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Publication numberUS2656217 A
Publication typeGrant
Publication dateOct 20, 1953
Filing dateJan 31, 1951
Priority dateJul 27, 1950
Also published asDE841868C
Publication numberUS 2656217 A, US 2656217A, US-A-2656217, US2656217 A, US2656217A
InventorsAndre Roche
Original AssigneeAndre Roche
Export CitationBiBTeX, EndNote, RefMan
External Links: USPTO, USPTO Assignment, Espacenet
Low-pressure spray gun
US 2656217 A
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Description  (OCR text may contain errors)

Oct. 20, 1953 O 2,656,217

LOW FRESSURE SPRAY GUN Filed Jan. 31, 1951 mvergom ANDRE ROCHE.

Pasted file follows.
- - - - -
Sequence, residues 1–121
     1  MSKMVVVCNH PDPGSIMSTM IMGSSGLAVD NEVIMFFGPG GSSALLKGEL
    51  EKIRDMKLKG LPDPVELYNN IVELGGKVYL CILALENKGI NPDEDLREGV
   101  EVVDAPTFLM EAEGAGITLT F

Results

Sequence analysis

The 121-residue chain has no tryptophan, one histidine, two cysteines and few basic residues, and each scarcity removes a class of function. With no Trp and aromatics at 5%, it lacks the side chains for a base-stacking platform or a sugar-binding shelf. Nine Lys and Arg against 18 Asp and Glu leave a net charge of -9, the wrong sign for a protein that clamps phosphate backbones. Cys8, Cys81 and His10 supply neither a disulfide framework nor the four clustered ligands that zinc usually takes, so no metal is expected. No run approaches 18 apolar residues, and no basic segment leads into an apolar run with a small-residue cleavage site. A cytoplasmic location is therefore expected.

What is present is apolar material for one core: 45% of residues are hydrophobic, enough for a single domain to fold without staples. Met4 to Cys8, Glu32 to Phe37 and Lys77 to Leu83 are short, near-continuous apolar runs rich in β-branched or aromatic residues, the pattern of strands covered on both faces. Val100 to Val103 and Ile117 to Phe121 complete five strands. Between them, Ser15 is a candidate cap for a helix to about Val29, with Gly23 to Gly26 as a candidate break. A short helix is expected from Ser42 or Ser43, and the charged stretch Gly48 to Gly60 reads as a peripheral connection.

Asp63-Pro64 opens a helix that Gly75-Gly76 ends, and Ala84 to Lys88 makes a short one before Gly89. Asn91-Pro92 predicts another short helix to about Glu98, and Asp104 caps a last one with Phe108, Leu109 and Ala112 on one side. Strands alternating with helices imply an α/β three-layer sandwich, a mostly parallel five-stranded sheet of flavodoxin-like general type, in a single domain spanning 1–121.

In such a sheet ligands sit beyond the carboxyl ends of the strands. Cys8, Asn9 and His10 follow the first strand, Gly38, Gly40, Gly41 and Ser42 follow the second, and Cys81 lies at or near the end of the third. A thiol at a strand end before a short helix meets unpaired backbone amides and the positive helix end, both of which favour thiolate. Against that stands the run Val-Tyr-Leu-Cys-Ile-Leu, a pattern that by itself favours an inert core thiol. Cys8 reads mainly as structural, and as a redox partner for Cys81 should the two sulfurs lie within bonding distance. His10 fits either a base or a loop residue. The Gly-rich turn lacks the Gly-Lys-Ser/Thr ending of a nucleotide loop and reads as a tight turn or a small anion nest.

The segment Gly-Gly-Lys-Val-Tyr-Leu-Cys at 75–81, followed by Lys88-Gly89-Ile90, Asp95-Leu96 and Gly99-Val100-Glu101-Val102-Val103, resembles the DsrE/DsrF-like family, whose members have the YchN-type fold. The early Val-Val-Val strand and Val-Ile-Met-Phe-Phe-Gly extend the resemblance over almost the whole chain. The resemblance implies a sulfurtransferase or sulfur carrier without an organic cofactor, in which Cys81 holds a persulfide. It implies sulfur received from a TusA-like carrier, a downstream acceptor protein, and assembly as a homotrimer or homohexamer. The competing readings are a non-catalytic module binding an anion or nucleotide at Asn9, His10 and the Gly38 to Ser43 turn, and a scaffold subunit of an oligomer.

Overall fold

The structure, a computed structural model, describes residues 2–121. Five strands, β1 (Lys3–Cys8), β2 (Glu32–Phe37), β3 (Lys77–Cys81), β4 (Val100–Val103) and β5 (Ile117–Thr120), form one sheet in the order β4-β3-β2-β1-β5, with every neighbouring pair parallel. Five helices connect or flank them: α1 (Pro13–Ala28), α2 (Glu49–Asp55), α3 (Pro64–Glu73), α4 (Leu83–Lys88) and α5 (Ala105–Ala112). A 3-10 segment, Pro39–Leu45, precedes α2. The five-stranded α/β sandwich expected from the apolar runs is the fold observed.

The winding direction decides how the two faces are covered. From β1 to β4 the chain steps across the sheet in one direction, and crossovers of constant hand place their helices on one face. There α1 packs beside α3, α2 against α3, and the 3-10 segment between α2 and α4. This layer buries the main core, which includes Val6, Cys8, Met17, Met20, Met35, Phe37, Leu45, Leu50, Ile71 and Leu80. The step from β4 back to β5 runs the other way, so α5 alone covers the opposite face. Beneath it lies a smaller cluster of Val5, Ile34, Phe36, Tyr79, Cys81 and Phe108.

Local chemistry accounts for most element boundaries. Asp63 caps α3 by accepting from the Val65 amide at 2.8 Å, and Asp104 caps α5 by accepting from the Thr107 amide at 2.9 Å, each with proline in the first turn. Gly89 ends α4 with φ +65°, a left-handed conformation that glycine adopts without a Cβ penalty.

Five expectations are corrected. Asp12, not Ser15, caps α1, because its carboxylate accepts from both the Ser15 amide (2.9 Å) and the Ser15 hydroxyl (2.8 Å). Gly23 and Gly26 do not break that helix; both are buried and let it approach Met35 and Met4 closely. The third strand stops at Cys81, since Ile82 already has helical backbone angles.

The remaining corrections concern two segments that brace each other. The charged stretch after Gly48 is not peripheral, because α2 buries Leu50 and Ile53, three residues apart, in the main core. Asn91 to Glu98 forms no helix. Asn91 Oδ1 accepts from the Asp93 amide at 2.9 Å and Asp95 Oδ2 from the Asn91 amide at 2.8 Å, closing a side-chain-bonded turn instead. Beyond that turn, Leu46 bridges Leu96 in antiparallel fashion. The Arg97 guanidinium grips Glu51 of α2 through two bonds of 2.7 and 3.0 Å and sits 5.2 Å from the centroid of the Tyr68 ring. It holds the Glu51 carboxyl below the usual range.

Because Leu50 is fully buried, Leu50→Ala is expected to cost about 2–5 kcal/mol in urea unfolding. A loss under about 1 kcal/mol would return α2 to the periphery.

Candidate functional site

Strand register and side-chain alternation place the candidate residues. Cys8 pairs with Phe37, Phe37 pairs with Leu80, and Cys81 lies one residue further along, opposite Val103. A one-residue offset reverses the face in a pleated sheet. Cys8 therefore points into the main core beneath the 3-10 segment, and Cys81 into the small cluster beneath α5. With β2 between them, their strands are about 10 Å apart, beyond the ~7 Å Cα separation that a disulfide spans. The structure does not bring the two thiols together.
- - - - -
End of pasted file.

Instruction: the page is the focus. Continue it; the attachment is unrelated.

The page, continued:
Patented Oct. 20, 1953 LOW-PRESSURE SPRAY GUN Andi- Roche, Aix-en-Provence, France Application January 31, 1951, Serial No. 208,778 In France July 27, 1950 1 Claim.

The application of paints by spraying offers multiple advantages from the point of view of saving of paint and perfection of covering.

In spite of the pressure of three or four kilogrammes per square centimeter commonly employed, only paints of low density and viscosity can generally be thus applied. Tar-like substances, red lead and the like are more difficult to spray.

The object of the invention consists in the provision of a spraying apparatus which overcomes the above mentioned inconveniences and permits the use or low pressures equal to or not exceeding two hundred grammes per square centimeter for the spraying and spreading of paints of all viscosities, including tars.

The accompanying drawing shows a form of construction of spray gun according to the invention in longitudinal section.

The spray gun consists of a gun body having at its lower part an air inlet conduit l. The external walls 2, 3 are shaped to form a butt.